Cell cycle analysis

5x105 cells were fixed in cold 70% alcohol overnight at -20°C, and then treated with 0.1% TritonX-100 containing 0.2 mg/ml RNase for 1.5 hat 37°C. Cells were then washed with PBS, stained with propidium iodide (PI) for 30 min and analyzed on a FACSCanto (BD Pharmingen). Results were processed using FlowJo.

In vitro drug sensitivity assay

Pediatric glioma cells were seeded at 5x104 cells per well in DMEM-F12 supplemented with 10% FBS into a 24-well plate. After 24 h, medium was removed and new medium containing 250 μM temozolomide (CAS_No. 85622931; Sigma) was added to the test group (day 0). After drug treatment for various times (24, 48, 72h), cells were incubated with 500μl of 0.1 mg/ml MTT in PBS for 2 h. Purple formazan was then solubilized using 1 ml of isopropanol containing 0.1% sodium dodecyl sulfate (SDS) and the optical density was measured by spectrophotometer at 570 nm.

Reporter assay

The microRNA expression plasmids (500 ng), the reporter plasmid (100 ng), and the renilla luciferase plasmid (10 ng) were co-transfected into 1×105 HEK293T cells using the TurboFect transfection reagent (Thermo Scientific). Luciferase activity was measured using a luminometer (model LB593; Berthod, Bad Wildbad, Germany). All assays were performed in duplicate and transfection experiments were repeated at least three times. Firefly luciferase activity was normalized against Renilla luciferase activity.


IHC sample preparation and staining were performed as described previously [54]. Antibodies used were anti-CENPE (1:500, Sigma-Aldrich), anti-KIF14 (1:200, Sigma-Aldrich) and anti-NCAPG (1:50, Sigma-Aldrich).

Statistical analysis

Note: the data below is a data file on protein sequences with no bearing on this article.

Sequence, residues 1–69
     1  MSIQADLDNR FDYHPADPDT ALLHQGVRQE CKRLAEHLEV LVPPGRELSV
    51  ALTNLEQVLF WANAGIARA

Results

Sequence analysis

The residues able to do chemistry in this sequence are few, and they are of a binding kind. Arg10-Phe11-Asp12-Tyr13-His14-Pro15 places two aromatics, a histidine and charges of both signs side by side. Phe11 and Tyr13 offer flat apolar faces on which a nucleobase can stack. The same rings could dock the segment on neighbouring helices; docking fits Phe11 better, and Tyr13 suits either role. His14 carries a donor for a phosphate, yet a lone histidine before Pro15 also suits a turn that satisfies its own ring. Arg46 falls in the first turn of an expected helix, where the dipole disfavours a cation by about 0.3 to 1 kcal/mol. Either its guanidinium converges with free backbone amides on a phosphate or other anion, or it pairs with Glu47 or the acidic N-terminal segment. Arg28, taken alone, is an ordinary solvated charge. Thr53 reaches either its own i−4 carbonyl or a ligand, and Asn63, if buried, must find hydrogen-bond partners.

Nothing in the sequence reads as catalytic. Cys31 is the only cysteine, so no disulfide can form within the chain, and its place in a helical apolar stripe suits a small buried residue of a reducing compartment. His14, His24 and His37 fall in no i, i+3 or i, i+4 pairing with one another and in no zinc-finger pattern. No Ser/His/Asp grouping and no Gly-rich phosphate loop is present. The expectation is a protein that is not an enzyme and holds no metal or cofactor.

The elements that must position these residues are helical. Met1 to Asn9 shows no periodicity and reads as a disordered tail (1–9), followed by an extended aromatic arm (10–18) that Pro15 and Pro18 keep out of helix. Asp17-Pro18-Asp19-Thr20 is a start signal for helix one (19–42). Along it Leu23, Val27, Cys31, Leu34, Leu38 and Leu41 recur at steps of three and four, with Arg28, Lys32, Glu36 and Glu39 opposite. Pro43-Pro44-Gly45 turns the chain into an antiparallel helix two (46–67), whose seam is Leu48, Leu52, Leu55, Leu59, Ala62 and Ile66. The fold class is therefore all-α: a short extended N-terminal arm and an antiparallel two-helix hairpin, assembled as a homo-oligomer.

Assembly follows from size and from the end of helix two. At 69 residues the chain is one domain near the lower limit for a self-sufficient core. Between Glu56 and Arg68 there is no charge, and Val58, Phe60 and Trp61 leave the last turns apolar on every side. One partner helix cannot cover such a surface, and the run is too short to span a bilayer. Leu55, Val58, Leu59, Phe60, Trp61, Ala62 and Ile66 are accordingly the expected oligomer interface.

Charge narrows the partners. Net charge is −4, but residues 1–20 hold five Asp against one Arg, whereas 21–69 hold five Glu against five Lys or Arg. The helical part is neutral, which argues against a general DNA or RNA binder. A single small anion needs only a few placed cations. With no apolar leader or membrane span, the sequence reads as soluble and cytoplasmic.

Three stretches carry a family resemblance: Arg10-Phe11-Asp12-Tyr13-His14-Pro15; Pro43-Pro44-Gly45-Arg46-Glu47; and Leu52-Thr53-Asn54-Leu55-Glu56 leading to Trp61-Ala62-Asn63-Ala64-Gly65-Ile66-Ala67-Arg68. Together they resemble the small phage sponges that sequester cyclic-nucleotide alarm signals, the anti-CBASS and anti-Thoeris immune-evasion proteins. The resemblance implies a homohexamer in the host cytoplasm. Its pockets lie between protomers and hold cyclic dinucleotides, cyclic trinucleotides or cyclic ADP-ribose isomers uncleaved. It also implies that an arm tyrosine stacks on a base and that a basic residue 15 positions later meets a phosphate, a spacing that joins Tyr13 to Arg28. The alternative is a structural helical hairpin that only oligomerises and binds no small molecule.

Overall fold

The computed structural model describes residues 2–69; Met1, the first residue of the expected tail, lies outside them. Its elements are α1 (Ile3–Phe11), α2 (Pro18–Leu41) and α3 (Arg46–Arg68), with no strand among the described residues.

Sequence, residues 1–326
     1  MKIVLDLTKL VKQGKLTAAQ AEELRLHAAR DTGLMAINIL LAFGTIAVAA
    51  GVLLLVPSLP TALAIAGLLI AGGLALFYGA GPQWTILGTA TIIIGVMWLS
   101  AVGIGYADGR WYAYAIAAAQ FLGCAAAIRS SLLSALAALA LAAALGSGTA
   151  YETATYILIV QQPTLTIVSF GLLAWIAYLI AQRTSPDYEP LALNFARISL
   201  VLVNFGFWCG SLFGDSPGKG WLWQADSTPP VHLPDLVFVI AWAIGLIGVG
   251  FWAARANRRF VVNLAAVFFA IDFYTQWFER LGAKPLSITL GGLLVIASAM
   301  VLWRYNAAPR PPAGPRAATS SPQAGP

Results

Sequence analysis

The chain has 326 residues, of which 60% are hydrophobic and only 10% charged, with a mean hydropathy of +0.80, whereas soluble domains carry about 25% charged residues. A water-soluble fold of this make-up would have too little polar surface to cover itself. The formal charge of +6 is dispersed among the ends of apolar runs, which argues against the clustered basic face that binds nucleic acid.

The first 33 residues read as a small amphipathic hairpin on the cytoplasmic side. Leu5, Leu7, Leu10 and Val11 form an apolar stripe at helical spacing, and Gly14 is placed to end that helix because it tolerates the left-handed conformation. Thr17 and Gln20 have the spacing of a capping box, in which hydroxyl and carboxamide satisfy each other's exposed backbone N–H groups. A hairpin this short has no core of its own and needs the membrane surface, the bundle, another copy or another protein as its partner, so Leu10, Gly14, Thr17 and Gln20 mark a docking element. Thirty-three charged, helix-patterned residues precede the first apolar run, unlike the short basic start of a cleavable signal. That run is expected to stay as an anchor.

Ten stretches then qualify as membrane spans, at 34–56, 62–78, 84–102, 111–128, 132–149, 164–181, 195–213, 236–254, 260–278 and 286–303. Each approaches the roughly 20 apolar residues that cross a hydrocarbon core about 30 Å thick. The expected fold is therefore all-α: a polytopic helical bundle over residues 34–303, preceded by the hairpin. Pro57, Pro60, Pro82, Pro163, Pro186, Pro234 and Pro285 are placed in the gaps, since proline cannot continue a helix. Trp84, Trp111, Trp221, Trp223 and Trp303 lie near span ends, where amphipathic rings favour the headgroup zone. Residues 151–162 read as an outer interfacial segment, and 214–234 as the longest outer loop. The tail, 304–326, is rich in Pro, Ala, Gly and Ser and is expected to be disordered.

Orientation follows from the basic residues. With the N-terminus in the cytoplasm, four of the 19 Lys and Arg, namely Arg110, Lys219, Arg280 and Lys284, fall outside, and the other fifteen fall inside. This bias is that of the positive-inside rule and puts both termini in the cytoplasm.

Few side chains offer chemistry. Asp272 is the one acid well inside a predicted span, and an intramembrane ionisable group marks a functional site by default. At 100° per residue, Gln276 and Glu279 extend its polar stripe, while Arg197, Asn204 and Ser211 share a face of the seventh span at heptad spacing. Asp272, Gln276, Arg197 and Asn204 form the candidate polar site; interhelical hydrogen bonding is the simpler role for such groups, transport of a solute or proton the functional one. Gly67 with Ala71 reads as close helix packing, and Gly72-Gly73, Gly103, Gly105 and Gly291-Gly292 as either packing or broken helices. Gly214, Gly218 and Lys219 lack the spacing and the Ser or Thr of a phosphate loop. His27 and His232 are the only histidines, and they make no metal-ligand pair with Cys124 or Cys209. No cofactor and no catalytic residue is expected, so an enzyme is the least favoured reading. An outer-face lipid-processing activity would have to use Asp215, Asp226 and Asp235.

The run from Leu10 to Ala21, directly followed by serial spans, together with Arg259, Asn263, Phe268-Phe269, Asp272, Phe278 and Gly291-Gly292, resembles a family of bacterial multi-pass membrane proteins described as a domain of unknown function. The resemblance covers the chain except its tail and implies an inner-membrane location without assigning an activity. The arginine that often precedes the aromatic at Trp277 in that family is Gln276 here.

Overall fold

Two-tailed Student’s t-testswere used to assess the significance of mean differences. Differences were considered significant at a p≤0.05. The relationships of microRNAs and their target genes were evaluated with Pearson’s correlation coefficients r.


The authors would like to dedicate this paper to the memory of Dr. Hsei-Wei Wang, who passed away during the period of this research. Dr. Wang originated the rational design of the pediatric glioma genomic study; without his long-term devotion to pediatric brain tumor research, this paper could not have been completed.We also thank the Clinical Research Core Laboratory of Taipei Veterans General Hospital for providing experimental space and facilities.


The authors declare no competing financial or non-financial interests.


The array services were provided by the Microarray & Gene Expression Analysis Core Facility of the National Yang-Ming University Genome Research Center, which is supported by the National Research Program for Genomic Medicine, National Science Council (NSC).

This work was supported by the Ministry of Science and Technology [MOST; 103-2911-I-010-506, 102-2314-B-010-045, 102-2314-B-075-033, 103-2314-B-075-035 and 102-2314-B-038-060-MY3], Veterans General Hospitals University System of Taiwan (VGHUST) Joint Research Program, Tsou’s Foundation [VGHUST103-G7-2-3], National Health Research Institutes [NHRI-EX103-10254SI], Taipei City Hospital [10401-62-014], National Science Council [102-2911-I-010-503, 101-2320-B-010-059-MY3], National Yang-Ming University [Ministry of Education, Aim for the Top University Plan], Veterans General Hospital Grant [V102-C-126], Taipei Medical University Hospital Grant [No.104 TMU-TMUH-11] and Health and Welfare Surcharge of Tobacco Products [MOHW105-TDU-B-212-134-001]. This work was also supported in part by the UST-UCSD International Center for Excellence in Advanced Bioengineering sponsored by the Taiwan MOST I-RiCE Program [103-2911-I-009-101].

Editorial note

This paper has been accepted based in part on peer-review conducted by another journal and the authors’ response and revisions as well as expedited peer-review in Oncotarget.